The Yale women’s and heavyweight crew teams opened their spring seasons over break, testing themselves against strong opponents in their first races since November.
Both teams defeated all the Ivy League foes they faced, as the women swept Penn and Columbia, while the heavyweights beat Brown in all but the third varsity boat. The women were challenged further by the nation’s No. 1 and No. 4 teams, but managed to emerge with an undefeated varsity four record.
WOMEN ROW AGAINST TOP NATIONAL FOES
The Eli women opened with a sole varsity four win against No. 4 Virginia before dominating their Ivy League competition and earning two victories against No. 1 Ohio State.
“Racing against UVA was a good way to start our season,” captain Colleen Maher ’16 said. “They are a consistently high-performing team, and … I think every boat was able to take away a lesson about racing and what we need to improve upon as we continue our season.”
Head coach William Porter added that the experience of the UVA races allowed the Bulldogs to make lineup changes afterwards, which helped the lower boats in later competitions.
The Bulldog varsity four was the sole winner in Earlysville, Virginia, but it showed its mettle, besting the Cavalier boat by almost eight seconds. The varsity eight jumped out to an early lead against Virginia, but a late comeback allowed the Hoos to win by 1.3 seconds. Other races were not as close: the second UVA varsity eight posted a time of 6:35.1, compared to 6:39.7 for the Bulldogs, and each of the lower two varsity four races was decided by more than seven seconds in UVA’s favor.
The Bulldogs were much more successful in the Connell Cup, which pitted Yale against Ivy League foes Penn and Columbia. The races showed why the Elis are the second-ranked team in the Ivy League after Brown, as Yale won each of its five races by an average margin of 20.32 seconds ahead of the second-place boat.
“Racing Penn and Columbia is always the start of our Ivy League racing, so it is good that we got off on the right foot with wins in all crews,” Maher said. “I’m glad that we were able to show our depth as a team, and that we performed well across the board.”
Yale’s varsity four again shone, easily rowing to a 23-second win. The closest race was the second varsity eight, in which the Bulldogs bested Penn by 5.5 seconds and Columbia by 9.5.
The Elis’ last contest of break was against Ohio State, the three-time defending NCAA champion. Impressively, they won two races, the varsity four and the second varsity eight. In the races it dropped, Yale’s biggest loss came in the varsity eight, with the Bulldogs falling by 3.9 seconds, or just more than one length.
“Winning two of the three NCAA races versus Ohio State was a positive, [but] not racing well in the first varsity was a negative and a bit disappointing,” Porter said. “[Varsity eight] is the toughest event in collegiate rowing right now and there is no room to come back on a crew like OSU.”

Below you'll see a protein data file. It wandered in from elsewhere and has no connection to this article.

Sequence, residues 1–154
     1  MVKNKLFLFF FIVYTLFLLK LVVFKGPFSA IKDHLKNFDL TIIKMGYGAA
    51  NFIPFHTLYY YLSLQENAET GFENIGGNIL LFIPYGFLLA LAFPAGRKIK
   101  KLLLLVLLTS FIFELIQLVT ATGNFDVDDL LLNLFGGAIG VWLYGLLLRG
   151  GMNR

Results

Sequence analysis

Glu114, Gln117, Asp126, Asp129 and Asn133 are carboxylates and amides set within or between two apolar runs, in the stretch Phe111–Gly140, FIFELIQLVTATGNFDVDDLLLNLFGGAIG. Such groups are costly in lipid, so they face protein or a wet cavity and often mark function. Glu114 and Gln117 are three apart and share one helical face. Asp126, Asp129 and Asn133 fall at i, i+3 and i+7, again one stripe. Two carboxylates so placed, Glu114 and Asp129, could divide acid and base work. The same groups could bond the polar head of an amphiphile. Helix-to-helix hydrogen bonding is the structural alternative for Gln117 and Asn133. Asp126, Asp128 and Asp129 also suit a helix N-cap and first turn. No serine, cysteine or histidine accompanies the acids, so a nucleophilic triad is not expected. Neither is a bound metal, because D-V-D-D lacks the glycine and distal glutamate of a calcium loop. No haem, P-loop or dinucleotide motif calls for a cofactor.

The Yale women’s team will stay at home this Saturday for races against Cornell.
HEAVYWEIGHTS DOMINATE BROWN
The heavyweights almost pulled off a clean sweep against Brown in Derby, Connecticut on Saturday. The first varsity boat easily came away with the Albert Cup, beating Brown by nine seconds.
Captain Hubert Trzybinski ’16 cited the team’s fast start as a factor in the dominant performance. The Bulldogs began to pull away within 30 seconds of the race’s start, and by the one-minute mark, they had put a length’s difference between them and the Bears.
“In general, it was a very strong day for Yale crew,” Trzybinski said. “It shows that we have been training hard over the winter. Brown is always a strong team at the international championships and the East Coast championships, so we’re pleased with the result, but we’re also very aware of the fact that we still need to work on a lot of things in the different boats.”
This pattern of early leads began with the fourth varsity boat, which eventually won its race by more than eight seconds, 6:12.1 to 6:20.6. The second varsity boat also pulled away early and coasted through the finish line with more than six seconds to spare.
The lone loss of the day came in the third varsity boat, which fell by about one length to Brown. Unlike the other three races, that competition was closely contested, as the lead went back and forth until the 500-meter mark, when Brown surged ahead to the finish.
Trzybinski said he was pleased with the “smart racing” of the boats and their aggressive, unhesitant starts, but he also acknowledged that it is the beginning of the season and there is potential to improve over the next two months.
The heavyweight team continues its season this Wednesday at the San Diego Crew Classic, where its first and second varsity boats will compete.
Correction, March 29: A previous version of this article misstated the ranking of Ohio State University.